Each story had its own logo. They are worth paying attention to in their own right.
Logo from “Angela’s Angels” first episode; full-width, includes images
Logo from “Gwen’s Stolen Glory”; small, text-based
Logo from “A Dream for Yvonne”: full-width
Logo from “Waves of Fear”. Tight-spaces font, wavy text direction to match the “Waves”, in the title.
Logo from “Village of Fame”. Full-length logo that sums up everything: a serial using “big brother tactics”, and a hypnotist as well, and people being manipulated.
Logo from “Tearaway Trisha”; a style that incorporates the “Tearaway”, but is not overdone.
Logo from “The Haunting of Form 2B”; appropriately spooky font combined with modern lettering on the second half
Logo from “Golden Dolly, Death Dust!”, combining light elements and the darker deadly elements in one.
Logo from “Fran of the Floods”. Not only is rain incorporated into the design but also pools of water, in a very neat touch.
“Worlds Apart” logo. The logo is designed to help readers keep track of the six protagonists in the story, particularly as their appearances change at some points (obese, Neanderthal, Goth) as they progress through six alternate worlds.
“Dracula’s Daughter” logo. A very strong, even disturbing style. The slight difference between “Dracula” and “Daughter” seems to reflect the contrast between the Dracula (a tyrannical headmaster) and his liberal daughter.
“Holiday Hideaway” logo. A lively style, in a font that Jinty seldom used.
“The Sweet and Sour Rivals” logo. A dynamic style.
“Tansy of Jubilee Street” logo. Doing “Jubilee Street” as a street sign is a brilliant touch, and the Wide Latin for “Tansy” is a powerful contrast that enhances the logo even more.
“Gaye’s Gloomy Ghost” logo. A very simple, elegant style.
Original “Pam of Pond Hill” logo. In the Tammy merger, it would give way to larger, bolder and more stylised formats.
Later version of Pam of Pond Hill logo, in Tammy 1982.
Pam of Pond Hill logo, complete with credit, by Tammy 1983.
“Girl the World Forgot” logo. A format that reflects the grimness and isolation of the castaway situation, and the insinuation of the supernatural element in the story.
“Tears of a Clown”. A simple style that grabs attention. The sans-serif font adds to the “Clown” part.
“Sue’s Daily Dozen” logo. A logo that implies writing, but given a modern twist (rather like the Daily Dozen itself).
“Child of the Rain” logo. It incorporates the rain theme while the contrasts of light and dark and different fonts set off the title.
“Combing Her Golden Hair”. The curlicues reflect the hair theme.
Font that conveys the humour of the strip, but not the contrast between Bizzie and the Easies. It is the names that do so.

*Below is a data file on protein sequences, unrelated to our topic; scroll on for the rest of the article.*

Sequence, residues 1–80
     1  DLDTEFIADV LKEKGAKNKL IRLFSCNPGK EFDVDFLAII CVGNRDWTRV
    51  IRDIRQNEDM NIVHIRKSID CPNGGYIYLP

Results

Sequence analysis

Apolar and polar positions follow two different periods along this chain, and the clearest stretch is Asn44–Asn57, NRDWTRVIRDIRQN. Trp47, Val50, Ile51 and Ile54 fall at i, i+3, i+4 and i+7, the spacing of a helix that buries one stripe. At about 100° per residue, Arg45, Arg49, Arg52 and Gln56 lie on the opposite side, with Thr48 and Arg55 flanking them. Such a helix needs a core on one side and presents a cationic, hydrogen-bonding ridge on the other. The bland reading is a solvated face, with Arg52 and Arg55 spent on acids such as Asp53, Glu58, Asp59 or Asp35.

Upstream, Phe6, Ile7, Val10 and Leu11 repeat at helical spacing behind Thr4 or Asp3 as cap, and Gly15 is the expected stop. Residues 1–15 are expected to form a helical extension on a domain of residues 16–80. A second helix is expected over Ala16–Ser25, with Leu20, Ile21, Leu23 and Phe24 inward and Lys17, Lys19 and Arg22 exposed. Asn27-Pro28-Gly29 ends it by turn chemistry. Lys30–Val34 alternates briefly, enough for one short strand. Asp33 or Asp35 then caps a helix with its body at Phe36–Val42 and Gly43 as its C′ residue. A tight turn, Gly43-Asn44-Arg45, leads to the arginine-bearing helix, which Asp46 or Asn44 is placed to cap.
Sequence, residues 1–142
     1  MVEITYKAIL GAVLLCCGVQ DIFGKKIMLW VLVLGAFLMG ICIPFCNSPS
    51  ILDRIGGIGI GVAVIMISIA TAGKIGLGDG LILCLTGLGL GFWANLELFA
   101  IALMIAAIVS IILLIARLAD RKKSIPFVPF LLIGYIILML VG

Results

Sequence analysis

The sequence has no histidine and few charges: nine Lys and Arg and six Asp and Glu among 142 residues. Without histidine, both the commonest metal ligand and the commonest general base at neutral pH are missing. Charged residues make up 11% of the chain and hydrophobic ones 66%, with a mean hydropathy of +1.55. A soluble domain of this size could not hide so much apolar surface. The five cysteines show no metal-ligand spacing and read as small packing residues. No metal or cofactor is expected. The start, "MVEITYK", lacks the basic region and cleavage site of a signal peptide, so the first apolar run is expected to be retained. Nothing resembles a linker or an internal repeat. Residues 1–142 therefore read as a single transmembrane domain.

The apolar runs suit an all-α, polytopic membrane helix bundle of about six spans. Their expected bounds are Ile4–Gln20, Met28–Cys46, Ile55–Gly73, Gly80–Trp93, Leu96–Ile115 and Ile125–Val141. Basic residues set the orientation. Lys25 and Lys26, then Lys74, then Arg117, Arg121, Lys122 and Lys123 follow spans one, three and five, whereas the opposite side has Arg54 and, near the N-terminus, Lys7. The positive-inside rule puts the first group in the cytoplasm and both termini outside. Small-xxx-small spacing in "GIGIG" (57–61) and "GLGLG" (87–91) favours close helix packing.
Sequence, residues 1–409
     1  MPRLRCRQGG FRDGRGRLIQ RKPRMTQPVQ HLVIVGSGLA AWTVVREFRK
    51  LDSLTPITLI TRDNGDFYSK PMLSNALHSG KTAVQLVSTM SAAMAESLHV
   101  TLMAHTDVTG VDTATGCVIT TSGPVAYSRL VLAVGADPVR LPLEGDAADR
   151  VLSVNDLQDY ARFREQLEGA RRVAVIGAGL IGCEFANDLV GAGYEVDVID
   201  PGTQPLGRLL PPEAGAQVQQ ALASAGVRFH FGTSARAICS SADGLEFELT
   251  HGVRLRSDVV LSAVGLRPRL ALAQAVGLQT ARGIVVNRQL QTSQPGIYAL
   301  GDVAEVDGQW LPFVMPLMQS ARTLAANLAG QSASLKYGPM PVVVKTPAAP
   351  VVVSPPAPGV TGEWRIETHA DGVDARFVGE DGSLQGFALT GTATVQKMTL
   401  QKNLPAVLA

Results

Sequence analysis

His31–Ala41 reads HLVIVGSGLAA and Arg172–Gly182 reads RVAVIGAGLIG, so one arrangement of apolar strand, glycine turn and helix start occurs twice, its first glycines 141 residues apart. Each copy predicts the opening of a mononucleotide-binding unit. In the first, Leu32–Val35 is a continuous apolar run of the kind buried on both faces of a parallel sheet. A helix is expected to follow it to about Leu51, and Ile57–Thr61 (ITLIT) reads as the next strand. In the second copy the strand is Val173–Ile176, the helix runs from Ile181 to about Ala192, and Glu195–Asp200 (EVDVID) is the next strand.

“Almost Human” logo. The font conveys the SF element, but does not give too much away as to what the difference is between “Almost” and “Human”.
“Life’s a Ball for Nadine” logo. The wavy direction emphasises what a ball life is for Nadine, while the font, often used in basket-ball type sports, reinforces the sporty netball theme.
Song of the Fir Tree logo. The purpose of the cloudy edge surrounding the logo can only be guessed at.
“Concrete Surfer” logo. Lettering that reflects the hardness of the concrete and the streetwise flavour of the skateboarding.
“Wanda Whiter than White” logo. A creative format that incorporates the text box.
“Her Guardian Angel” logo. White font against black background and a font style that emphasises the “A’ in “Angel”.
The blue wavy box surrounding the text ‘St Jonah’s’ refers appropriately, if subtly, to the sea. Because the strip normally appeared on the front cover it is unusual in including a colour element.
A classic and rather old-fashioned text-only logo
A strong, blocky font. It’s nice and bold but what are those curlicues doing??!
A beautiful full-width logo with an interesting font choice and a little image summing up the story.
The impression this logo gives is futuristic in some way, but the font itself is quite 1920s modernist, oddly enough! It works well though for this SF story.
“Hettie High and Mighty” logo. The lettering after “Hettie” is much smaller – to save space or to de-emphasise the high-and-mightiness of Hettie?
“Bound for Botany Bay” logo. The font is reminiscent of lettering on old ‘Wanted’ posters.
“Gertie Grit the Hateful Brit” logo. It is an illustrative logo that incorporates Gertie and the magic pendant that sends her time-travelling.
“Snobby Shirl the Shoeshine Girl!” logo. The rays emphasise the shine that shoe shining is meant to give. But the underline under “Snobby Shirl” is a bit odd and does not seem necessary.
“Fran’ll Fix It!” logo. A bold logo, but does the font match the nuttiness of the strip?
“The Robot Who Cried” logo incorporates a moving illustration that brings out the “cried”.
“Land of No Tears” logo. The logo is unusual for lack of capitalisation except on the first word.
“The Girl Who Never Was” logo. The font works well with the magic theme of the story.